18. Ryan Day Says:

    So out of curiousity, which creators would you replace? Who should have been a part of the initial launch?

  19. david brothers Says:

    Moreover, targeting an audience does not work, unless that audience is undiscriminating or immature (ie: fanboys). People know what they like, and it’s not usually what they’re TOLD they like

    This isn’t really true. I think you’ll find that a lot of pop culture is exactly what you’re saying it isn’t. Check out the similarity of a lot of tv shows, music, and movies. Compare the box office results to critical reviews.

    People will buy, and have bought, whatever they are told is cool and worth purchasing by the people who make it. That’s hype, and hype works.

  20. Johanna Says:

    Ryan, there are any number of talented female comic creators, many of whom do books that I think teen girls would find interesting and entertaining.

  21. Ryan Day Says:

    Of course that’s a very good list.

    But I think we could safely exclude a few of them based on content, like Carla Speed McNeil. Marjane Satrapi, and quite possibly Alison Bechdel, are probably out of DC’s price range.

    Several of them have deals with much bigger publishers – why would Chynna Clugston leave Scholastic for a new imprint when she’s already working for a successful “real” publisher? I have no idea what everyone’s contracts and workloads are like, but if Bryan O’Malley wasn’t available because he couldn’t find the time, why not others?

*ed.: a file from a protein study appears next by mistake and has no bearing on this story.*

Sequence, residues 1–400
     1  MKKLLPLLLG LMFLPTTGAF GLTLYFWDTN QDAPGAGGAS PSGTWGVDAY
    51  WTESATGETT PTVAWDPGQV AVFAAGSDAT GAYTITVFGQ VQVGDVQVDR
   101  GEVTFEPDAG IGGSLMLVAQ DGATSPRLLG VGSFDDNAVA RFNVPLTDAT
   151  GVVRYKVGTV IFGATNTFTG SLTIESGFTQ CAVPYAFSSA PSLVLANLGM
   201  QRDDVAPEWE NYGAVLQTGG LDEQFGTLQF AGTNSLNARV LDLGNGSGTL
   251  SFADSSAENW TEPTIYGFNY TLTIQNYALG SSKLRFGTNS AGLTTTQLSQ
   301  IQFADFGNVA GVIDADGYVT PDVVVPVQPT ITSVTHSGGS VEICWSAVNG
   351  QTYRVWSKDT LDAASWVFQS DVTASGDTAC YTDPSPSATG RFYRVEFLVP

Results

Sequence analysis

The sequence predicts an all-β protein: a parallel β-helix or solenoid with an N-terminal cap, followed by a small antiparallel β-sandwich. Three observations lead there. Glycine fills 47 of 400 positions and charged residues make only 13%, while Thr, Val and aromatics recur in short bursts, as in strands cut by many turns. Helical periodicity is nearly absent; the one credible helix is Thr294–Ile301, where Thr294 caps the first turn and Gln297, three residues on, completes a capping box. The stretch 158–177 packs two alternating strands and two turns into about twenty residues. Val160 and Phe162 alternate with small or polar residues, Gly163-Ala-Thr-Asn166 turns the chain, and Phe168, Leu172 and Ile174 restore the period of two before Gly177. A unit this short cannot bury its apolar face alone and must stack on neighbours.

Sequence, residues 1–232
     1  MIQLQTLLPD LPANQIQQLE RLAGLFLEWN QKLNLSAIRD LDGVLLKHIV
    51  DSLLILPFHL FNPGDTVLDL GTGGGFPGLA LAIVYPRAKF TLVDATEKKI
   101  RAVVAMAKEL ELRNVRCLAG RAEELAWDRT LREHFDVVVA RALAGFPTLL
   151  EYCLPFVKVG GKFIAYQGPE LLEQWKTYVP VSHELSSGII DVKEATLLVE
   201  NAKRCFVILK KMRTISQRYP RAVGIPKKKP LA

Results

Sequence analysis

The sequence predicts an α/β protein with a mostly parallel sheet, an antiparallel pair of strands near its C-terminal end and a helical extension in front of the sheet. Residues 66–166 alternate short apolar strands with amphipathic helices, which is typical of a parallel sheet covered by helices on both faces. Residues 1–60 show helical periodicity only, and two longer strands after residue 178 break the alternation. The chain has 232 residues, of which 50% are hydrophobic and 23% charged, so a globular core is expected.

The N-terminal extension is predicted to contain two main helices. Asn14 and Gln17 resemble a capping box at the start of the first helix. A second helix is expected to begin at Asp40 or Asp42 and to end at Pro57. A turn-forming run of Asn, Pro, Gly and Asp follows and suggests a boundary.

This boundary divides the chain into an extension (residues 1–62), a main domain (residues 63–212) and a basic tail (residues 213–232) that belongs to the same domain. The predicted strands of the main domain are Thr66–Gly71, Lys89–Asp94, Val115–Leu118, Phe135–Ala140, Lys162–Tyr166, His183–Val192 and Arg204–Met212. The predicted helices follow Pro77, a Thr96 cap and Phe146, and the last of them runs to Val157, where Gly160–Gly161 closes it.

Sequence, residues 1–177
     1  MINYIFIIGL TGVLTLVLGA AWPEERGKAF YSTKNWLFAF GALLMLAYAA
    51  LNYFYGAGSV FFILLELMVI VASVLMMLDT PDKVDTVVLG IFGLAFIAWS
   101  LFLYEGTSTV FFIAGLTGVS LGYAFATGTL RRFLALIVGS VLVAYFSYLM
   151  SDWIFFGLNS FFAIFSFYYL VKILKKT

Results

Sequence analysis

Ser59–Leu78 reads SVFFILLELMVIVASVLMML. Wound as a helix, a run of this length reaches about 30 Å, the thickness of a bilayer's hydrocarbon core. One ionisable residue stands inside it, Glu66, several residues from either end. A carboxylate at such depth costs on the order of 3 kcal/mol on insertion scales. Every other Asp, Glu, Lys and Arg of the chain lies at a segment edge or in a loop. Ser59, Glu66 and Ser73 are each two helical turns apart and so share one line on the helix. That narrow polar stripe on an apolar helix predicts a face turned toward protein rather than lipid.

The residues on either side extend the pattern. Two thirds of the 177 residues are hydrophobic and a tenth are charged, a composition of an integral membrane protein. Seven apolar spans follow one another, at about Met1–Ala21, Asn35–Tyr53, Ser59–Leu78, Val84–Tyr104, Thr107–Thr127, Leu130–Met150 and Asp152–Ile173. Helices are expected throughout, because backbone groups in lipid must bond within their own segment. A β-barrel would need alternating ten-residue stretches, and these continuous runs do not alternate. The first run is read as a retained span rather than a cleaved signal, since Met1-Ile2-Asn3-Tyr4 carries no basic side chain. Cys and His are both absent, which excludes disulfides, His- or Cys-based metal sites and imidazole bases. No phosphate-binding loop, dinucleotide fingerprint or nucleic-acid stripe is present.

And at least three of them have done work for Berger & Bond at Vertigo, so I find it unlikely they were being excluded from Minx. Jill Thompson in particular has been given the keys to Vertigo’s most successful franchise several times, and I’d honestly be surprised if she hadn’t been approached for the line.

    We obviously don’t know who was invited and who was rejected and who rejected Minx, because most creators aren’t going to talk about it. It seems unfair to accuse Berger and Bond of discriminating against female creators when they’ve shown no tendency to do so in the past.

    Anyway, you only answered half my question: Who among the announced Minx creators isn’t good enough?

  22. Johanna Says:

    You’re making all kinds of excuses and suppositions, many of which have already been discussed, and your last question is pointless and irrelevant, since no one discussing this has suggested such a thing. (No one has accused the editors of discrimination, either.) The key point is: DC should have tried harder to include more women. Make better deals. Be more flexible in scheduling. Don’t demand as much control. Whatever they needed to do to include more female creative voices.

  23. Ryan Day Says:

    It’s not irrelevant unless your argument is that there needs to be a specific percentage of women working for the imprint. Are women generally a better choice for writing books for women? Maybe. But are these particular creators unsuited to creating material for a young female audience? I don’t think so, but it’s a defensible position if you disagree.

    But if you believe, as I do, that they’re perfectly good writers and artists who are suited to the audience, suggesting that DC should have offered better deals to women just so they could have women working on their books is ridiculous. If you think they should have offered better terms to get better creators, then that, too, is a defensible position.